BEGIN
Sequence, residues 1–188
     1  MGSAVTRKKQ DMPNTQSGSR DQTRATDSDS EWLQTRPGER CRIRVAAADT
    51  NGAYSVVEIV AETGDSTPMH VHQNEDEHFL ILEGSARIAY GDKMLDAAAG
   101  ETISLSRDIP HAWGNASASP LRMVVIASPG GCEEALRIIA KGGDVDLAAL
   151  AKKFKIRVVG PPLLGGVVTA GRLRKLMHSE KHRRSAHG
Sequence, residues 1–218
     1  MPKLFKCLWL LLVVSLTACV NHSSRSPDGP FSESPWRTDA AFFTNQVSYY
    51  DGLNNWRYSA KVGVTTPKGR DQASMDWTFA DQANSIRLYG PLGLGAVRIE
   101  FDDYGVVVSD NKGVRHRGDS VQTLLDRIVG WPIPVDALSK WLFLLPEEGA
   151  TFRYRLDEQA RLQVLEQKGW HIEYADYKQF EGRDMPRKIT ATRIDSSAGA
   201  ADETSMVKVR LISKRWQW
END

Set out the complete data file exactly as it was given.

Sequence, residues 1–188
     1  MGSAVTRKKQ DMPNTQSGSR DQTRATDSDS EWLQTRPGER CRIRVAAADT
    51  NGAYSVVEIV AETGDSTPMH VHQNEDEHFL ILEGSARIAY GDKMLDAAAG
   101  ETISLSRDIP HAWGNASASP LRMVVIASPG GCEEALRIIA KGGDVDLAAL
   151  AKKFKIRVVG PPLLGGVVTA GRLRKLMHSE KHRRSAHG
Sequence, residues 1–218
     1  MPKLFKCLWL LLVVSLTACV NHSSRSPDGP FSESPWRTDA AFFTNQVSYY
    51  DGLNNWRYSA KVGVTTPKGR DQASMDWTFA DQANSIRLYG PLGLGAVRIE
   101  FDDYGVVVSD NKGVRHRGDS VQTLLDRIVG WPIPVDALSK WLFLLPEEGA
   151  TFRYRLDEQA RLQVLEQKGW HIEYADYKQF EGRDMPRKIT ATRIDSSAGA
   201  ADETSMVKVR LISKRWQW